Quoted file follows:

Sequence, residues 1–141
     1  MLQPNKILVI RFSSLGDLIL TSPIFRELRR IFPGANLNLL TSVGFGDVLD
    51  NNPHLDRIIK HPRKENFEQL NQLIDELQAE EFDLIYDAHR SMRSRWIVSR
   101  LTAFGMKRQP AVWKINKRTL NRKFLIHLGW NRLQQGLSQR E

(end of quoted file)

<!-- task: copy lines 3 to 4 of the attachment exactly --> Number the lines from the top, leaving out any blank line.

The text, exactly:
    51  NNPHLDRIIK HPRKENFEQL NQLIDELQAE EFDLIYDAHR SMRSRWIVSR
   101  LTAFGMKRQP AVWKINKRTL NRKFLIHLGW NRLQQGLSQR E